Newspaper Page Text
BICnMOJTD DAILT PALLADIUM TUESDAY, NOVEMBER 19. 1901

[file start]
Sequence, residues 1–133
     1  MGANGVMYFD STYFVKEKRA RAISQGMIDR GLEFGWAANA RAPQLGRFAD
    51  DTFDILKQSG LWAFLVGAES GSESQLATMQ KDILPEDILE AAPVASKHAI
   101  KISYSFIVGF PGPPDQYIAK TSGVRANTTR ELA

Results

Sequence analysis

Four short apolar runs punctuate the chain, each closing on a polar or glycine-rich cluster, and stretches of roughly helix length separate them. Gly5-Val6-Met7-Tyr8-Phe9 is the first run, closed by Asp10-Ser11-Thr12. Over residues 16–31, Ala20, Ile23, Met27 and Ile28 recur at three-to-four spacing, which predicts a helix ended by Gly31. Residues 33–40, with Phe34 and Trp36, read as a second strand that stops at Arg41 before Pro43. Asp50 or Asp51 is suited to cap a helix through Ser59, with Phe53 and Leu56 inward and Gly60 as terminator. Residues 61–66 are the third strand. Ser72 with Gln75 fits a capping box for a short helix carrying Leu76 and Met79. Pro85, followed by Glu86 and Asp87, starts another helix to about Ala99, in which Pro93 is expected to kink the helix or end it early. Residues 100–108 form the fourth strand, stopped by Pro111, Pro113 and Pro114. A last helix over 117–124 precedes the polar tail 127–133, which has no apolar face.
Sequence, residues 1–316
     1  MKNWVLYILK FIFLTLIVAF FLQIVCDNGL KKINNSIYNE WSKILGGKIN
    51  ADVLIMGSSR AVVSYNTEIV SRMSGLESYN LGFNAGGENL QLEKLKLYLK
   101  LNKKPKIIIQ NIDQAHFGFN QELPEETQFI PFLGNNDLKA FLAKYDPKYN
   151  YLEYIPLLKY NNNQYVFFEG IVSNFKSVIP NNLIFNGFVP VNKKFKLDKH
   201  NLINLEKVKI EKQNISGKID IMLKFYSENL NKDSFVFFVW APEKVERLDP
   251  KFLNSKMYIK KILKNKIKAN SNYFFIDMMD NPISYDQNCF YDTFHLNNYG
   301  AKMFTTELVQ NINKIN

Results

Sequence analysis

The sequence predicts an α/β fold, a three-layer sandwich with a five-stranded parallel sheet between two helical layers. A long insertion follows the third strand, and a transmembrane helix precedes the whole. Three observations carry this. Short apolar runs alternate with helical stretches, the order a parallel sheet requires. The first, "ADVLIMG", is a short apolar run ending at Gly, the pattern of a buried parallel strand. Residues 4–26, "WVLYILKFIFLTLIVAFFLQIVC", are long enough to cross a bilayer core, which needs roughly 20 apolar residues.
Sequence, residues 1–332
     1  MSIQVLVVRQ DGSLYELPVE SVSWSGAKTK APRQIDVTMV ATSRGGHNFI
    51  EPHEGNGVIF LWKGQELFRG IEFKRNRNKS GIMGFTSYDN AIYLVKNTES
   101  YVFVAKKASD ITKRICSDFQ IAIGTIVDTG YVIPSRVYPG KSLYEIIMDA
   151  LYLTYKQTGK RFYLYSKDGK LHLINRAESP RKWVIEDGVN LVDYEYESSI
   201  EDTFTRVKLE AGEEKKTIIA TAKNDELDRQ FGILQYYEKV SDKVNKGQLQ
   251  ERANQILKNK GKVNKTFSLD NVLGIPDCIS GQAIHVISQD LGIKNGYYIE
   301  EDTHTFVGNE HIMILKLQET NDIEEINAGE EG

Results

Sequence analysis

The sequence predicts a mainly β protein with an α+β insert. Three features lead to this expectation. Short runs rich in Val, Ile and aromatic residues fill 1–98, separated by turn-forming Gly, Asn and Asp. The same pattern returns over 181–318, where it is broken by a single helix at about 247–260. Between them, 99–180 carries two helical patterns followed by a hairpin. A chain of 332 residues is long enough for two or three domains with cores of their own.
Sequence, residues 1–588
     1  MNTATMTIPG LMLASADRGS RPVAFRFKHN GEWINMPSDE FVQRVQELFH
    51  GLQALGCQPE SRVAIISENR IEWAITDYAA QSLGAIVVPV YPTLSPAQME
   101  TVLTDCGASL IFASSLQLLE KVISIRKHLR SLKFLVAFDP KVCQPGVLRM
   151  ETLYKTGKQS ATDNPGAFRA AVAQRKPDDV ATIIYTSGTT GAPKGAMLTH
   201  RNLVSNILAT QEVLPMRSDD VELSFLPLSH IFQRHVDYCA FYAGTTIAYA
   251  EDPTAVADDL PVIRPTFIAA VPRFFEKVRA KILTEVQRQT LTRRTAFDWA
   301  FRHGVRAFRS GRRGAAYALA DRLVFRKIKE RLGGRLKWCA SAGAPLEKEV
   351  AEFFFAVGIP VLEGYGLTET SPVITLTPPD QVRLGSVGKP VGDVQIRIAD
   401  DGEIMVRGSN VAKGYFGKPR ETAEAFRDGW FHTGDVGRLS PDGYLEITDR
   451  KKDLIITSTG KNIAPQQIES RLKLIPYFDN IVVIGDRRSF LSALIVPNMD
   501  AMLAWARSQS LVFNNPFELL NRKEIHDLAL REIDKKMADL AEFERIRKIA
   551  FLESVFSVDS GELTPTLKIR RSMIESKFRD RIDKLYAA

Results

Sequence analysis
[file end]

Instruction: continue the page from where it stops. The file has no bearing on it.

LURED BY SCENT. Rati Caaant la Xambrri bi a la- ajealona Mean. Kat are rery susceptible to tli xlor of certain druirs. and auy trH:i:irv trap Bet in their haunts is likely to Ik- suc cessful If drensed with these seems, the attraction of which, rat catchers affirm, they cannot resist. An example is: Towdered aafetida. eight grains; oil of rhodium, two drams: oil of aniseed, one dram; oil of lavender, one-half dram. Shake together In a bottle and tise a Tory small quantity to dress the lait. To catch rats, cover a common barrel with griff, stout pair. tying the edge round the barrel. Place a board so that the rats may hare easy access to the top. hprinkle cheese parings or othei lood for the rats oa the paiier for set ral days until they begin to think that they have a right to their daily rations from this source. Then place in the bottom of the barrel a piece of rock About six or seven inches high, filling witn water until only enough of it projects above the water for one rat to lodge upon. x ,. . t . ... ku" replace me paper, nrst cutting a cross In the middle, and the first rat uui comes on me barrel top goes through Into the water and climbs ou the rock. The paper comes back to Its original position, and the second rat follows the first. Then begins a fight for the possession of the dry place on the stone, the noise of which attracts the others, who share the same fate. Baltimore American. Aa Embarraiaiag Qatrr, In a city where children above the age of five years have to pay full fare ou the tramcars while those who are younger go free the passengers in a car saw one day a rathet large boy looking seveu years old at ltast. held in Lis mother's lap as though he were a baby. The big child seemed restless about something. l'resently he cried: -Mamma! Mam ma T' The mother, as If with a premonition of something wrong, tried to hush him, but he still kept saying: Mamma! Mamma!" "Well, what Is it?" she asked at last. "Mamma, when tlo I have to say I'm only five?" Then the passengers some of them laughed and the mother turned very "d. London Answers. The Cat aad tbe Tall. Once upon a time a cat who prided herself ou her wit and wisdom was prowling about the barn In search of food and saw a tail protruding from a hole. "There is the conclusion of a rat, he said. Then she crept stealthily toward It until within striking distance, when he made a jump and reached It with lier claws. Alas, It was not the ap pendage of a rat. but the tail of a snake, who Immediately turned aDd save her a mortal bite. - - Moral. It is dangerous to jump at -conclusions. A Good I'ae For Old Graveyards. There are now in London and its im mediate neighborhood 300 public recre ation grounds, varying in size from Kpping forest, which, with Wanstead fiats, Is over 5.0OO acres in extent, to little city gardens and playgrounds measuring an eighth or tenth of an acre. These include 100 plots of ground -which have been used for in terment, parish churchyards and other -disused burial grounds, of which the largest is eleven acres and the smallest a few yards square. Humanitarian. . Soldlera Are Like Children. To the medical man the soldier is very like a child that is to say. he suf fers from precisely the same diseases aa children. In any large army hospital you will find rows of patients down with measles." scarlatina, diphtheria, mumps and sometimes whooping cough. In fact, the soldiers' hospital is as like as can le to the, children's hospital. Men who look much older than they are never appear to such aisad- vantage as with the wife who keeps her matronlv beauty. The secret o'f health and the manly vigor which goes with health is nutrition. When the stomach and other or gans of digestion and nutrition are diseased there is loss of nutri tion, and correspond ing phvsical weakness. Dr. Pierce's Golden Medical Discovery cures diseases of the stomach and its allied organs which prevent nutrition, and makes men healthy and vig orous. I was a itreat sufferer from dvspepia for over two year, and was a com niM nhTsictt wreck, writes Mr. Preston E. FtnrtermichCT TThistx Co. Pa. " I also suffered much with coa STnifwit I tried man? diifcrent medtnea whVh were rexrnendedcure the treble tit these only made me I 1 weak and debilitated appearance that a astf 1 had hardlv blood n mv whole body. At last I came aTO-n dTSohI Pierces. 1 at once cried Dr. lcnT,l, , MeScat Discovery. "Uet? tea atsed about "SMSii m bottles of the -rcoverr wh-h brougnt me w.w to m. former state of health- Dr. Pierce '3 Pellets cures consUpaUoa. i fed p Ol THE NATIONAL CAPITAL President Roosevelt's Way cl Doing Eusincss. MORE DIRECT THA9 MTIXLEY'. Chief Kaclttrate Works Vigorously Ha aa luflertive Urtkod of Trrui - mm I alrnlf n Drraraiiaa ol Huluiliaa Kuaiil la a aVnabiaattoa Fawaihop. President Roosevelt's way of doing business is very different fn.ni that of any of his predecessors, writes the Washington correspondent of the New York Post. Considerable formality al ways attended White House conferen ces In the past. President McKinley sat at his desk In his executive office, and visitors were shown Into the ante room, where they waited until their turn came for an interview. Then they went before the president and set forth their business. He would listen, occa sionally asking a question to bring out some new aspect, and w hen the visitor had completed his story Mr. McKinley would announce that he would take the matter under consideration. He seldom promised definite results or said what he would be likely to do. Later the caller would learn by mail or oth erwise that the president had or had not done what be asked. President Roosevelt's way Is more direct. He has almost abandoned the Inner room except for cabinet meet ings, a rid 'most of the Interviews are now held in the large room ndjoining. During receiving hours this fills up un til there may be forty or fifty persons In waiting. Mr. Roosevelt goes at his task with vigor. He will seize a caller by the haivl. almost wring it off and frequently begin talking before the other has had time to state the occa sion for his presence. "Glad to see you! CJlad to see you!" he will exclaim. Possibly It will be an old acquaint ance, and Roosevelt will direct a few lightning questions at him. "What reg iment? Oil. yes. Knew your brother. How's Sam? When did you get back?" It may chance to be a congressman in search of an appointment for a constit uent. "Can't do it! Can't do it! All full! Mighty sorry! Come again! Good- by! And the hopes of the congressman and constituent are Hasted in a twin kllng. With others he will argue more at length, but just as vigorously. The visitor will be making a nice little pre pared speech, when Roosevelt will cut in: "Now, right there! That's where you are all wrong. It's like this" And in a moment he is pounding one fist Into the other palm and sweeping the air like a walking beam on the double quick. His method of terminating an inter view is effective. Out goes bis hand. It grasps that of the visitor in an eager farewell which almost takes him off his feet. "Goodby!" And it is all done. Before this victim can recover the president is wringing the hand of a new one. In a pawnshop in Washington a col lector has just discovered a sash and decoration worn by Maximilian, arch duke of Austria, who was placed on the throne of Mexico and ruled till his overthrow and death on June 19, 1SGT. The Austrian embassy Is much inter ested in the discovery and has taken steps to communicate with Maximil ian's relatives in Europe, who will doubtless wish to rc-jover it. The sash is of blue and purple moire silk, and attached to it is the badge of the Order of Isabella in beautiful enamel. On the reverse side Is the motto, "Al Merlto y Vlrtudes." With the sash is the star of the order, eight pointed and surround ed by a laurel wreath. Tbe whole is in the original shagreen case bearing the mark of the maker, who was Jeweler to the imperial court at Vienna. The star and mountings are of silver, plat ed with gold and heavily enameled. The wife of Maximilian. Carlotta, is still living, though hopelessly insane and confined in an asylum under the guardianship of the Austrian govern ment. She is the daughter of King Leopold I. of Belgium. She was crowned queen of Mexico when her husband became king. The family rel ics fell into the hands of an unworthy scion of the illustrious family, who married a South Carolina woman. The man who pawned this sash used to be well known in Washington diplomatic circles. His habits were such that finally there was nothing he would not pledge In order to raise money. Dr. Mary Wa!ker of Washington, the eccentric woman suffragist, whose ad vanced ideas on tbe subject of wom an's rights caused her to adopt man's attire many years ago, will not lose her pension because of her utterances re garding the assassination of the late president, says the New York Sun. This statement is made on tbe author ity of Commissioner of Tensions Ev ans, who says that even if it could be proved that Dr. Walker had uttered the alleged treasonable sentiments there is no law under which she could be deprived of her pension. Lr. Mary I Walker s husband was a soldier in the j Union army and served with Sherman j u tutr lauious motcuju tue -a. j '' The syctlicate cf western electric railroad mtn headed by Henry Everett of Cleveland. O.. is making progress, it Is reported, in the development of the enterprise it has in hand in Washing ton. As will be recalled, the syndicate acquired last spring the charter obtain ed from the legislature of Maryland authorizing the building of an electric road between Washington and Annap olis and from the latter place to Balti more, says tbe Washington Star. Since then the work of surveying several ten tative Uzies has been gois oq. RESTORING THE MimU. Idiotic Boy Cared by Dariaj Sarcl ral Operation. A remarkable surgical which consisted in rs.aio j of an abnormally tUU-k or misshaped i skull, was recently performed by Dr.; Uottlieb Sterulerg of New York. His patient was thirteen-year-old Isa.lor Levine. aliio of New York, who had been an idiot from birth. The boy is now able to learn, and his educat.or:; j has been begun. Before I performed the operation." said Dr. Sternberg the other day to a reporter cf the New York Journal, "there had been two successful cases out of ten attempts in Paris. I first saw the boy in the early part of last May and gave him frequent examina tions. He was quite Insane. There was a lack of co-ordination In his muscular movements, no concentration of mind, and his eyes were not responsive to our ItcHt Af 1nrfilliconA 1 fnilnil a considerable depression on the left side of the top of the skull, which showed a great contrast to that of the right side. "I came to the conclusion that the boy's mental condition resulted from the undue pressure of the skull upon the left side of the brain. Partial pa ralysis of some of the right muscles and limbs helped me to this conclusion. As is well known, an affliction of the left part of the brain affects the limbs on the opposite side of the body, and vice versa. "The operation lasted just twenty five minutes. I first of all trephined the boy's skull just over the left eye, removing a circular piece of bone the size of a five cent piece, which en abled me to examine the brain and in sert a pair of rongeur forceps, with which the skull would be cl!pied away. Before this the skin of the scalp had been laid back in flaps. "With the forceps I chiseled out a strip of the patient's skull about six inches in length by one and a half inches wide at the front to two inches wide at the back. "That my diagnosis was correct was immediately demonstrated, as the brain sprung up through the orifice like a sponge. After antiseptic treat ment the scalp was replaced. One of the instantaneous results of the opera tion when the patient regained con sciousness was that the pupils of the eyes became sensitive to light and contracted In response to Increased illumination. Since then the lad's men tal capacity has gradually Increased. He is a well boy and has commenced to go to a school of elementary In struction, and, in my opinion, be will go on improving." LARGEST SCHOONER OF ALL Seven Master Balldlna- Will Require Crew of Only Sixteen. The largest schooner in the world is now being built and is remarkable chiefly because she will have seven masts, two more than the largest ships and one more than bas ever ap peared from the deck of a fore and after. The first seven master has been de signed by D. r. Crowninshield and Is being built In the Fore River shipyard In Boston harbor, alongside of the cruiser Des Moines, and Is more than 100 feet longer than that vessel, says the New York Press. The new seven master, which will carry 8,000 tons of coal, will have all the modern equipment, steam winches and sail hoists, steam steering gear and a double steel bottom, capable of holding 1,200 tons of water ballast. This vessel will cost about $250,000. and her ability to pay for herself will depend largely upon the fact that she will require a crew of only sixteen men. less than half the number neces sary for working an ordinary square rigged ship. Captain J. C. Crowley, for whom she is being built, has settled the question of the nomenclature of the masts by calling them respectively fore, main, mizzen, spanker, jigger, driver and pusher. Knallih Good Seaae oa tbe Canal. When once the isthmian canal is made by the United States, opened to the whole world on equal terms and held so strongly that no power at war with Great Britain will be able to vio late its neutrality, the nation will re alize that instead of the abrogation of the Clayton-Bulwer treaty proving an injury it is a great benefit, says the London Spectator. The notion that America, though she will make, work and bold the canal, should bind herself to preserve Its neutrality as regards a power with which she is at war. is ab surd. Such a stipulation would not and could not be observed for ten min utes after war had been declared. An American isthmian canal, like every thing else American, will be used against America's enemies in case of war. Whatever the jurists may ay. we should do the same in the case of the Suez canaL Li Hans Cbang-'s Frank Reply. Li Hung Chang visited Philadelphia ! on Sept. 3, 1S06. when Charles F. War i wfcfc wss msTiir savs the Philadel- hu Times. Vhe procession started dcwD Broad street ,t was soon after ,hs lhat MaTor WarwicU. pointing to crowds wh,CQ lined said: the streets. "Your eso?I!M?oy. Philadelphia is fa mons for its beautiful women." Li was quiet a few minutes and then made the famojs reply: "I have not seen any yet." FlliiimDoai Sovw a Citisen. Robert Fitzsimmons. the pugilist, has Just received his citizenship papers be fore Judge Aspinwall in Brooklyn. He said he was an actor, and he carried his certificate away with a very seri ous air. New Yjrk Tost. .. J s-- ir TEUTONS AND BRITONS ?!, rrrlnf erman Army CfScer Talks ol viug a oriio:i3 Conflict With England. IEW3 OF BAROS TON EDELSHEIL lalms One lined red Thonsand Slri Conld Be Landed on tbe Caajllab Coaat la About Thirty Honrs QaleL Sal Aetloa Might tiain Tempo rary Saeeess Aa to War With Aaaerieaaa. Considerable attention is attracted in Jerlia by a pamphlet just published y Baron von Edelsheim, an officer in ie chief general staff of the German rmy. In which he declares that Ger tany could throw 100,000 men on the "Ilu;" l,UJC' Pe lron put forward his statement ;1 a matter of absolute certainty, and f is considered somewhat cu -ious that t . . . . , . . , p a lumiru uv ms goveruiueui to pblish it. says the New York Sun. He so discusses the possibility of landing loops in Russia and France and pro a?ds to contemplate the hypothesis of war between Germany and the Cnit 4 States. fie starts from the assumption that rmany must one day be Involved in a conflict because the growth of her Qiffle and commerce Is a source of dinger to England. He holds the opin id that Germany might hope to secure sane success at sea shortly after hos tlties began, as the German navy uld start mobilization first, but be fce long England would be able to set sch iMjwerful naval forces In action tkit Germany would be reduced to de foisive tactics. In which success could nit be reckoned upon. His paper pro cds: fEngland's weakness is our strength, lie land forces of the English army corespond neither In strength nor In qtality with her position as a great power. England Is convinced that ev ery hostile invasion can le prevented by her fleet, but this conviction Is not by any means well founded. Even If England after a time could set in mo tion great naval forces, those which would be ready at the beginning are not so overwhelming that an opponent essentially weaker at sea who has ev erything ready may not have a chance of scoring a temporary success. Ger many must throw part of her land forces on the-English coast and thus bring the conflict to an issue on land, where German troops are much supe rior to English.' After summing up the shortcomings of England's land forces the baron de clares that only her present standing army and regular reserve can be count ed on in case of sudden Invasion, as the others would take a considerable tmie to mobilize. . Ho observes "We must also take account of their slight fighting value compared with well trained German troops. The only troops ready in England for action are three divisions of the First army corps, about two divisions of the Secou.l and a combined division of the Third, to gether with three cavalry brigades. The strength of an English division on a war footing Is only 10.000 men, while a similar German division numbers about 1G.000 mrti. Germany can trans port six infantry divisions or one cav alry brigade and five infantry divisions to England in a very short time. How the operation could be carried out must not. of course, be explained here, but this can be said, that It can be done within little more than thirty hours In favorable weather from German har bors in the North sea. Large tracts of the English coast furnish good landing places for troops, and the country itself has so many resources that an Invad ing army could live on them for a long time. On the other hand, the island is not large enough to allow English troops to destroy a once victorious hos tile army. It is unlikely that such a war would last very long, and consid erable re-enforcements would, there fore, not be needed." Kovel Moose Call. A new kind of moose call, says the Kennebec Journal, is lu use down In Washington county. It Is the whistling buoy near the entrance of Moosabec reach, and It Is said to be the cause of the big bull moose which for several weeks has leen known to frequent the shore In that section lingering in that vicinity. With the wind blowing from the east the blast of the buoy is heard several miles inland, and the sound at this distance Is said by old hunters to closely resemble the tru nope tings of a moose. It Is alleged even that the wandering moose has been heard to re spond with answering call when the sound of the buoy is heard. Gresroome Find In Mexico. Workmen employed In the Veladora mine, situated near Monterey, Mexico. recently opened up a large cavern by means of a tunnel. In it were found tbe skeletons of fifteen men, surround- j ed by ancient mining tools, says the j "ew York Times. Piled up in tbe cav- j ern were more than two carloads of horn silver and galena, with wire sil ver, all of great richness. The old Spanish records show that this mine was worked more than 200 years ago, and the skeletons are of miners who are supposed to have been suffocated by a cavein. In Memory of Sir Walter Raletnrk. A project Is on foot to erect a me morial to Sir Walter It a lei gh in recog nition of his services to mankind in in troducing tobaoco and the potato into Europe. The funds will be raised by public subscription. It is proposed to erect the memorial at lialeijh, N. C UARIFINA SOAP. aftanapana followed bv a light dressing of Mmy"m Mmlr-Mmmitt. gently rubbed into the scalp, will soften and remove scale, crust and dandruff, stop itching and promote a sweet growth of luxuriant hair. It combines in one soap at one price the best skin and complexion soap and the best bath and baby soap in the world. 25c cakes at kadis; drngsUt, 3 for 65c NESS AND HEAD KOISES CURED ie-,t 4ijMfiK. P4tadiaiiid byyky. FREE ii la r . tils vi, SM t-fr im . dWUaV J 0-fcWatO aHliaiWtlKI aaTJst IF YOU TOT Tbe Big 4 Knickerbocker Special to Buflalo, Boston and New York Take the C.R.SM. via. Muncle. The C. R. & M. train leaves Rich mond at 5:45 p. m everyday except Sunday, makes close connection with tbe matrniDoent isis Knickerbocker special from St. Louis to New York. This train has in addition to Buffett sleeping cars, library and smoking cars and dining cars. Train reaches Buffalo at 6:15 a. m. after a night s ride and lands passengers at Grand Central 6tation,New York City, 42nd street and 4th avenue at 6 p. m., 23 hours from Richmond. Thanksgiving Rates via the C. R. & M. The C R. & M. will sell round trip tickets to all points on their lice at rvta of fare and one-third. Selling dates November 27th and 2Sth. Good returning November 21th. C. A. Blair, Tel. 4.4 City Ticket Agent. SundRT Rates to all Points Ou the C. K. & 91. The C. R & M. made a Sunday rate to all points on their line one fare for the round trip. Tickets good returnicg same day only. Sunday rates to Cincinnati $1.95 for the round trip. Trains leave here 9:30 a. m. returning leave Cincinnati 7:30 p. m. arriving at Richmond 9:35 p. m. C. A. Blaie, City Ticket Agent. Phone 44. Astonudlnie Discover. From Coopersville, Mich., comes word of a wonderful discovery of a pleasant tasting liquid that when used btfore retiring by any one troubled with a bad cough always ensures a good night's rest. "It will soon cure the cough too," writes Mrs. S. Himelburger, ' for three gen erations of our family have used Dr. King's New Discovery for Consump tion and never found its equal for coughs and colds." It's an unrivaled life saver when used for desperate lung diseases. Cuaranteed bottles 50c and $1 at A. G, Luken &. Co.'s. Trial bottles free. FIRE AL.AQ.SI BOXES. FIRST DISTRICT. South of Main. West of Seventh Stree 12, First and south C, Piano factory 13, Second and south B 14, Fourth and south D 16, Fifth and south B 16, Fifth and south H 18, Seventh and south C ' SECOND DISTRICT. Couth of Main, between 7th and llthU 21, Eighth and Main 23 Eighth and south B 24, Seventh and south G 25, Ninth acd south A 26, Tenth and south C 27, Eleventh and Main 28, Eleventh and south J THIRD DISTRICT. Fouth of Main, East of Eleventh Stree 81, Twelfth and south B 32. Twelfth and south E 84, Fourteenth and Main 86, Fourteenth and south C 86 Eighteenth and south A 37. Twentieth and Main FOURTH DISTRICT. North of Main, West of 10th st. to River 41, Third and Main, Robinson's shop. 42, Third and north C 43, City Building, Fire Headquarters 46, Gaar, Scott & Co 46, No. 1 hose house, north 8th street 47, Champion Mills 48, Tenth and north I FIFTH DISTRICT. West Richmond and Sevastopol. 6. West Third and Chestnut 61, West Third and National road; 62, West Third and Kinney 63, West Third and Richmond avenue 64, Earlham College 65, State and Boyer 66, Grant and Ridge 67, Hnnt and Maple 68, Grant and Sheridan 69, Bridge avenue. Paper Mill SIXTH DISTRICT. North of D Street, East o Tnth Stre 61, Railroad Shop 62, Button's Coffin Factory 63, Hoosier Drill Work e,i, Wayne Agricultural Works 66, Richmond City Mill Works 66, Westcott Carriage Co 67, Thirteenth and north H SEVENTH DISTRICT. Between Main and North D sta, EofJlOti 7, Ninth and north A 71, Eleventh and north B 72, Fourteenth and north C 73, No. S hose house, east end 74, Eighteenth and north C 75, 1 wenty -second and north B SPECIAL SICNALS 2-- Patrol call 1-2-1 Fire out S-S-a Fire pressure S Fire prearure off 10-10-10 Natural gas off J 10 Natural gms oa. Pennsylvania Linoo TISB TIBLB. In Effect Sunpay, Sept. 29, 1901. Trains raa y oaainU aaaadara tta. laolMfftl Uaav. HajaOaoa ft CWasaaa 5aaa asai ta asat 4aasai lioapl assent taasai Haaulaon ft G. R. ft I. ft Cto. Ace. Cla. ft Mack. Mat aad ti , . ijaaai :oj a i Indlannnalla Um. York ft St Louia Mail s ao a aa I OS a St Louis Lagwso 4 5 a aa i jc a Isdianapoha Acc . so a a 9U Nn Vara ft St Soola Mai ao 15 a aa 4 p Nw York ft St Lotus &zp liopa aooaa St Louis Lnaitsd Mail. . Spa J 39 4sw York ft St L. Fast Mail as s aa ja a Loaasawort Ac ...... ... Chjcaco Fast Mail ft XaB .Tessas as o 1 at ao s aa 4 M a 1 T$aai toon S m J u 1 Cutonsad ft ijocaaaport an as Cla ft Caicaco Night Mm Daytaa at : Xsoia Sc't'fld. ft Coia. Ace 10 a as 1 oa s aa Payaon Xania ft rpanaahna aa as a aa as as ana Dayaoo Ptta. m Near Yoak 0005 a aa as ao aaa Cola. Pitta, ft Near York...- 4 s aa aaaspaa Dayaoa ft Xaaaa aw , as a as sa) Nov York ' aniata .,, ... 1 1 B aa 4 on s St Looto ft Nov York Isdpla. ft Cos. Aoc. Sis aaa 4S4 so is a sa oj a a fuis latti St Loola 1 aawait Mail 4 f-aatd Ran ladtaM By. rt.W.,0 R-ft PotoakovEs. 3 4a ;o a Grand Raoida ft Mack Maa..7...aa aaa asssaa Northland ganraas, u is an a jj a i Dally. All otka trains daily J.A. C. Cincinnati, Richmond A Muncle R. R. Pasaaagar SafcatfMl Is Kffnat Mm OftUkar 7, INI. EAST AND SOUTH. Line to Cincinnati, Hamilton and Southern Poisia s , o J- STATIONS -i o'5 6 5 P. o' "3 za za s zo5 , Richmond... 930 am 555 pm 5 40 pss S. Kichmo'd 035 am 400 pm 345 pm " Botoo.. ....... 9 54 am 4 15 pm 6 oa pm " Witts F F F " K 1 u hell ...... 1003 am 4 3 pm 611pm " C't'ee Grovs 10 is am 4 35 pm 6 as pm ArviaCH&U Has iltB 1057 am 5 o pm yoopai " Cincinnati ti 35 am 6 00 pm y 4J pat No. 2 connects at Cincinnati with tlw C. a O., Ar Ashland .1..S4 pm At fjbarieaton ansa on WMie Sulphur -9:47 pm Ball i more- 7:57 am Waahina-toa a7 am Philadelphia leaf am New York J :U0 pm Via B. a O. Arrive Chilltcothe8:lH pm Washington fi:41 pm Philadelphia. ..lie 15 am Arrive Parkeraborg pm Baltimore 7 6 pm NewYork.12.a9 pm No. 4 connect at Cincinnati Arrive Airive rith Q. m C Lenogton10: JO cm hattanoogo.. 6:05am Hirminjham.:5 am Meridian ....2:A) pm New Orleana a: 10 pm WEST AND NORTH. Line to Muncie, Cleveland, BuHklo and the STATIONS il &i ill to 35 am 5 45 pm 15 aa so 59 am 6 xi pm , 10 as pm ix it am 6 94 pm aorsnaa xiao am 640 pm loajprn 1135 am 650 pm 1043 pm 1148 am 705 pm xo 50 aa xa oa pm 7 ao pm aa a$ as mips 744 pm xx 40 pm xa 40 pm 8 so pm ti 50 pm xa 55pm I S so pm ts ss am l.v Richmond WUl-unsb' Economy LosanrvUle M " BlounUviUtu " Med lord Ar M uncic...M. Gaston " Fowierton Jonegboro ... No. 8 connects at Muncie with the Bin Fou Knickerbocker Special. Arrive Arrive El wood- 8:81 in Tipton Jam Ma Lafayette 10 : 40 p m No 1 connect at Muncie with L. K. a V, Arrive Arrive Kedkey 8.50 pm Portland 4 11 aaa Celina : pm Lima aVl nan Findlar- , 7 Ob pm Foa oris 7-m am 8andaaky.9:U0 pm F Stop for Passengers. At M uneis No. connects with the Big; Foa Knickerbocker Hpecial. C. A. BLAIR, Citv Ticket Agent, Cincinnati Northern R. R. Trains pass Wast Manehest r oaOy s follows : earth Baaa4. Saatfc No. a No. 4 ...10:30 a as No. 3....M...s:of am :as pm No. !...., iiafa- Nam. and 4 ran onlv hdwa C?laelnml ssuf Vm Wert. N os. x and a run throush lim m aaa Clasmannxf Richmond and Dayton Leave Richmond via P C C A 8t L Ry Co 9:10 am 4:1a m Leave Eaton via Iwytoa A Western Traction Co . . 50 am 4:40 aaa) Arrive Payton. ....... . 11:00 am MO am Bxrrcavsiaa. Leave I "avion via IaytoB aV West era Traction Co . . 8:00 am UMM am 6:00 pm Bam Ban Leave Eaton via P O C m 81 L By Co 10 2 am 13 aaoa 6:47 pm 10:as am Arrive Richmond yia PC 0 A St L Ry Oo 10-86 am OH am 7 Wpm limpm Bans or raaa. Round trip, Bichtoond and Eaton, via P. OL CtHtB; jm- Bound trip, kMou and lavytoa. via D. at W. Tract 10B Co Jt Booad trip, Richmond and Dayton , ED. F. DALBEY 49 x. Eicmn st. Photographer OIT-OF-DOOB.WOEK A SPEClAtTT LANDSCAPES AXBIALS. GBOUPS proxies PAKT1E3 CATHEEISC.!